Midtown Stage; Free; tromboneshorty.com
— BY JAKE CLAPP
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DAILY JAZZ BLOGS AT ROCHESTERCITYNEWSPAPER.COM CITY 27
28 CITY JAZZ FESTIVAL LIVE 2016
CITY Newspaper presents
Art Events [ FRI., JULY 1 ] Hungerford Open Studios. First Friday of every month, 6-9 p.m. Hungerford Building, 1115 E. Main St. Enter Door #2 Free. email@example.com. Open House. First Friday of every month, 6-9 p.m Anderson Arts Building, 250 N. Goodman St. 473-0076. andersonalleyartists.com. Radical Times. July 1-16. Through July 16. Featuring quilts, poems, and installations from Emily Bellinger and sculptures and drawings from Zach Dietl following themes of identity, experience, and growth. Viewings by appointment, at 55 Edmonds Street. Opening reception Fri., July 1 6-9 p.m.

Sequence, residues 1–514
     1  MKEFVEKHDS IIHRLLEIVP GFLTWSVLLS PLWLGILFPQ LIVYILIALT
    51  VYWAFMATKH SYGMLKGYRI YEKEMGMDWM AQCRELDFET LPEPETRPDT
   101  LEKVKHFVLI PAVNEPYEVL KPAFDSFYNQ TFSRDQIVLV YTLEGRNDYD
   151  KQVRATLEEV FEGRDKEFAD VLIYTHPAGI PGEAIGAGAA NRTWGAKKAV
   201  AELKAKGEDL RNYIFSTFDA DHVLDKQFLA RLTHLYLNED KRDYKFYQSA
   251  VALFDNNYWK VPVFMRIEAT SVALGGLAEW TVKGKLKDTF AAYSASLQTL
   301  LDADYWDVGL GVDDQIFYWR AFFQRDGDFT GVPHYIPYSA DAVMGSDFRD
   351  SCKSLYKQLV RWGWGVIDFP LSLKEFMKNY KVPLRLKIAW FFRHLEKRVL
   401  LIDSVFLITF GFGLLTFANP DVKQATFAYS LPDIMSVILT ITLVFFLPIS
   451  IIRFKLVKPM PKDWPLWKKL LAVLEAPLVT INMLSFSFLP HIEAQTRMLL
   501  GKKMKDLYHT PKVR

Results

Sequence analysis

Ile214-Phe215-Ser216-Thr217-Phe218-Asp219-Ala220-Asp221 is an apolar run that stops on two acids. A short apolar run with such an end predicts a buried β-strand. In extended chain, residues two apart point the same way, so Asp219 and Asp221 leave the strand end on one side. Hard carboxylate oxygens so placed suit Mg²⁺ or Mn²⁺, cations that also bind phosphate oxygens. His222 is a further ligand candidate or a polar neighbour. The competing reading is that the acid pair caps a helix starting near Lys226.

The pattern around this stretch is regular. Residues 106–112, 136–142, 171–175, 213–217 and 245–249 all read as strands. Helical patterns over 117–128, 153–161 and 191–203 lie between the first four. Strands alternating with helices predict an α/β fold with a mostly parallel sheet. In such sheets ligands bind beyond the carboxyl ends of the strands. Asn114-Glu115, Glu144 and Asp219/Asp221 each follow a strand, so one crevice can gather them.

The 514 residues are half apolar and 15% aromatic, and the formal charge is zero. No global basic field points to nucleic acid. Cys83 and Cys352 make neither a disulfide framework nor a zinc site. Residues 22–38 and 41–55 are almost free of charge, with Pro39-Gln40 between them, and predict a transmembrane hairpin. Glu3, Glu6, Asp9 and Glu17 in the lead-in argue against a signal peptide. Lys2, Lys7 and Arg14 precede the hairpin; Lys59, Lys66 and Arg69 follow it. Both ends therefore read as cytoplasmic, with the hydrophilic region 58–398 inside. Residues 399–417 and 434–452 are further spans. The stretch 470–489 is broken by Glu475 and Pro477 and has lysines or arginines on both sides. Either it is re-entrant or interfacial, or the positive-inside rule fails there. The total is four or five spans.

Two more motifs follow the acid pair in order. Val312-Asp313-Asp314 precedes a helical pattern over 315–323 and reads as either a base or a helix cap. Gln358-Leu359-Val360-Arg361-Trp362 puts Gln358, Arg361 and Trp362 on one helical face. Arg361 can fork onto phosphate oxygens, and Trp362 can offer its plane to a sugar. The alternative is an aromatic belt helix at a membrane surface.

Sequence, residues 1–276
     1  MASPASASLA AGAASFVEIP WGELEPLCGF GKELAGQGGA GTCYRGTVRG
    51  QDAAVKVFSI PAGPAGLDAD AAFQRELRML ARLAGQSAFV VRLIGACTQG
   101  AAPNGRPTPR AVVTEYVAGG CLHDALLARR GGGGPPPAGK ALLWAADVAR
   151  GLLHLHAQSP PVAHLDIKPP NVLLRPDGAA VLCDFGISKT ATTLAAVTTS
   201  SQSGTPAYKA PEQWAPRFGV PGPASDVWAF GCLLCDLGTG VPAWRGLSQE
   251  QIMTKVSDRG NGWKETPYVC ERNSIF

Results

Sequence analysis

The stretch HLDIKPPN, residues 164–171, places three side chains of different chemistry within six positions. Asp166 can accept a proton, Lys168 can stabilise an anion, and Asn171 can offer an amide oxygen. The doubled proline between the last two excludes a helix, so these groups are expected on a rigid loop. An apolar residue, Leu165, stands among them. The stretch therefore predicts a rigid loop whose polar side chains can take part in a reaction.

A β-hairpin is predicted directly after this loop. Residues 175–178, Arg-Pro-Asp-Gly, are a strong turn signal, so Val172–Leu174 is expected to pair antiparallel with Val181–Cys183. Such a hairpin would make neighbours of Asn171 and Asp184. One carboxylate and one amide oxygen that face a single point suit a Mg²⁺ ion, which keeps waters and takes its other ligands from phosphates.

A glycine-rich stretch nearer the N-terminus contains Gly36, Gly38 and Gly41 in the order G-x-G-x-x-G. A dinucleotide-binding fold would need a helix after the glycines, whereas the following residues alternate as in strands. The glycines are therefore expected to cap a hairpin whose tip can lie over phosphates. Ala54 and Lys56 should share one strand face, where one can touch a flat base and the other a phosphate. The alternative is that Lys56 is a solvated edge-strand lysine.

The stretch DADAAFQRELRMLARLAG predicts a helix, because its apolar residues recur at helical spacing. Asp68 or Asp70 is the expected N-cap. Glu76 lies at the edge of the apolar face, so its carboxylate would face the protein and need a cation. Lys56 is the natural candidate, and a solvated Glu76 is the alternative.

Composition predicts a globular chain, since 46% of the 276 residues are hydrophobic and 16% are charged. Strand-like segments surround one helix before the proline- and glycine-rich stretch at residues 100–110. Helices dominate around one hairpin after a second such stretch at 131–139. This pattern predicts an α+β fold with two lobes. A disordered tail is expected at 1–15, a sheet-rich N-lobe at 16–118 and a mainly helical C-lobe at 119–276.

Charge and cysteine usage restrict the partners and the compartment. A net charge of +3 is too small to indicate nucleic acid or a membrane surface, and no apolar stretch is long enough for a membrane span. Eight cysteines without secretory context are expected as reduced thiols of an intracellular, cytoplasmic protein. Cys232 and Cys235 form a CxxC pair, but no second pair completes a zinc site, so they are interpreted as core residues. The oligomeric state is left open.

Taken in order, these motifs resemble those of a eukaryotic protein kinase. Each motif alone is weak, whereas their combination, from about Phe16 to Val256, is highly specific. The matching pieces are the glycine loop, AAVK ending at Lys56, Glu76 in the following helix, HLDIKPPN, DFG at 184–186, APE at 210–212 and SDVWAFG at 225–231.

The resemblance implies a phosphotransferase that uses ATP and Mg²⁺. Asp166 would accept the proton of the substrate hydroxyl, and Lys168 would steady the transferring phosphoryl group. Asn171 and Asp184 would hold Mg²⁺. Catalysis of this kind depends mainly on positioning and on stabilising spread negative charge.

Art Exhibits [ OPENING ] Gallery 96, 604 PittsfordVictor Road. The Finger Lakes. Through August 13. Photography by Nigel Kent, Steve Knapp, and John Francis McCarthy. Opening reception Fri., July 1 6-8:30 p.m. 2488128. thegallery96.com. International Art Acquisitions, 3300 Monroe Ave. Mingus. Through July 31. Original oil and mixed media by artist Janet Richardson. 264-1440. internationalartacquisitions.com. Makers Gallery and Studio, 34 Elton Street. Something, Some Thing. Through July 31. Paintings by Mona Lisa Oates. Opening reception Fri., July 1 6-10 p.m. 507-3569. makersgalleryandstudio.com. Starry Nites Café, 696 University Ave. Jay Lincoln. Through July 31. Pen and ink, water colors, and prints. Rochester places, moods and light. Opening Fri., July 1, 6-8 p.m. 271-2630. jaylincoln.com. [ CONTINUING ] 1570 Gallery at Valley Manor, 1570 East Ave. Creations of Colored Pencil and Graphite. Through July 31. Works by members of The Rochester Area Colored Pencil Club. Opening reception Fri., June 24 6–8 p.m. 546-8400. EpiscopalSeniorLife.org. Corning Museum of Glass, 1 Museum Way. Daisies. Supersized glass daisies from artist David Willis. 866-468-7386. museumofglass.org. Gallery 384, 384 East Ave. Sweet as Summer. Sculpture by Richard Harvey, photography by Dan Gallagher, and oil paintings from Dunstan Luke. 325-5010. artsrochester.org. Gallery r, 100 College Avenue. Forces at Work. Through July 3. Bringing together 10 graduate students working in a variety of media. 256-3312. galleryr.rit.edu. Geisel Gallery, Second Floor Rotunda, Legacy Tower, One Bausch & Lomb Place. Organic Abstractions: Landforms Redefined. Through June 30. Oil pastels by James Thomas. thegeiselgallery.com. Genesee Center for the Arts and Education, 713 Monroe Ave. College Collective. Through July 16. Showcasing the best in college book arts, ceramics, and photography. Opening reception June 17 6-9 p.m. 244-1730. rochesterarts.org.